Massachusetts is renowned for education, and this winter its residents are all getting a PhD … Piled Higher and Deeper. (More)

The Winter of Our Discontent, Part I: Piled Higher and Deeper

This week Morning Feature surrenders to winter. Today we begin in Massachusetts, where residents brace for yet more snow, because education. Tomorrow we’ll see the nation’s midsection, where residents chip ice, because music. Saturday we’ll conclude with the Midwest, where residents wear thermal scrunchies, because history.

“We are convinced they are never going to back to school”

The Bay State is renowned for education. For example, Bay State children learn that Massachusetts is really a commonwealth, but it’s called the Bay State because of Boston’s trendy Back Bay, or because they kept witchcraft at bay, or because there were bays around. Plus the Cape State would sound like it was full of superheroes – which it is now, to the chagrin of sports fans from everywhere else – but it wasn’t back then, except for the Tea Party, which was nothing like the Tea Party.

The point is, long before Paul Revere hung that famous lantern on Sarah Palin’s back porch, Massachusetts was big on education. The Boston Latin School was founded in 1635, making it the oldest school in the U.S., and seven years later Massachusetts required all towns with 50 or more residents to have public schools. It’s also home to our nation’s first university, first museum, first novel, first free municipal library, and first Valentine and Christmas cards. The Space Age began in Massachusetts. So the chocolate chip cookie.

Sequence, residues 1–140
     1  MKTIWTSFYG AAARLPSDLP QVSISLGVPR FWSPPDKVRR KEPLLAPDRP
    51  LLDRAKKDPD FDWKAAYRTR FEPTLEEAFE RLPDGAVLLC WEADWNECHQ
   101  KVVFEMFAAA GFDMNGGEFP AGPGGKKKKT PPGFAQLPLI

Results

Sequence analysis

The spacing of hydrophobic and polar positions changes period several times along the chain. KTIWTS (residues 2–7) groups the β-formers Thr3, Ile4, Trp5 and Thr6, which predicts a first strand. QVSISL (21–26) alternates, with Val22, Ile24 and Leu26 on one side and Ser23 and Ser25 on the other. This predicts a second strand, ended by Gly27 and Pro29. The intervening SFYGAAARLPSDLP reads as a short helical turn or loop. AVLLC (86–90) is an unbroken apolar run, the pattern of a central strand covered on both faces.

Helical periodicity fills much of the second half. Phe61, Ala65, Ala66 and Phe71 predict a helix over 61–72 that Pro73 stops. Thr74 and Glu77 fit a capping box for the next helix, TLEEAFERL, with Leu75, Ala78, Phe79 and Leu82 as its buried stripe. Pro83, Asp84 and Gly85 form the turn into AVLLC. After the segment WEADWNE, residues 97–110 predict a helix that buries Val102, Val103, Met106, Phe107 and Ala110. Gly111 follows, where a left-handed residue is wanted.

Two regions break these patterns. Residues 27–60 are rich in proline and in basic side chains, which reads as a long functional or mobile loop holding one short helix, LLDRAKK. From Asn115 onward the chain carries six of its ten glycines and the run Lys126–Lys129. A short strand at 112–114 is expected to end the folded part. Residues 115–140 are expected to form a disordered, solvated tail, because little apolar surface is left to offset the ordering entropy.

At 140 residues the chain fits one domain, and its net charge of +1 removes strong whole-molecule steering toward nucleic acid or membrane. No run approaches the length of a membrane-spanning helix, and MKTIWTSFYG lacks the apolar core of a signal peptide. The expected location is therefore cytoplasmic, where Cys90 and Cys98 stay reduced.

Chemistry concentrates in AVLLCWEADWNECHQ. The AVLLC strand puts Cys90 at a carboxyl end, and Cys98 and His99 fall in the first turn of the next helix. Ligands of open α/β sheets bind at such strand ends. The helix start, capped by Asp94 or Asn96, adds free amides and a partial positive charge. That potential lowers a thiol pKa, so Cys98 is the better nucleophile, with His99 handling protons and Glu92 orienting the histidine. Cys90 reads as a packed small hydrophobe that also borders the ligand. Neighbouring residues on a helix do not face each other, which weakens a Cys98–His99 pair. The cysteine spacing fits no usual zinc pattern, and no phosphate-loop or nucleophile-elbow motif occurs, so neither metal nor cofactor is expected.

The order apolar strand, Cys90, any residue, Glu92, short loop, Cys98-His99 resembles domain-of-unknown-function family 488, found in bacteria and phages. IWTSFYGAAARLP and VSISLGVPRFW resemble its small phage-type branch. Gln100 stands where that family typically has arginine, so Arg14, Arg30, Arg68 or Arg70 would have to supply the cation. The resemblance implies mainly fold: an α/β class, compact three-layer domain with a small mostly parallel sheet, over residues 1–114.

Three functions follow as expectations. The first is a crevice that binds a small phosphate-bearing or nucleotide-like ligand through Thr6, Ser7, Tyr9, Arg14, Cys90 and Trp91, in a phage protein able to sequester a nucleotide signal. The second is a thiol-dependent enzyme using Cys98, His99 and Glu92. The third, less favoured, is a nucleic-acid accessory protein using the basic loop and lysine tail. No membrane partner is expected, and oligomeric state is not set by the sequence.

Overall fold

And that tradition continues. Last year a study found that Massachusetts tops the nation in education. Or it did, until this winter:

We, the people of Boston, urge you to release the third season of House of Cards one week early. We need this. Our cars and fences have been swallowed by snow. The MBTA has surrendered. Dunkin’ Donuts is closed. Whole Foods is sold out of kale. For two days, we’ve only eaten Campbell’s tomato soup. We’re in our pajamas. We’ve been in them for days, making sock puppets and shoving crayons and Twinkies at our children; we are convinced they are never going to back to school.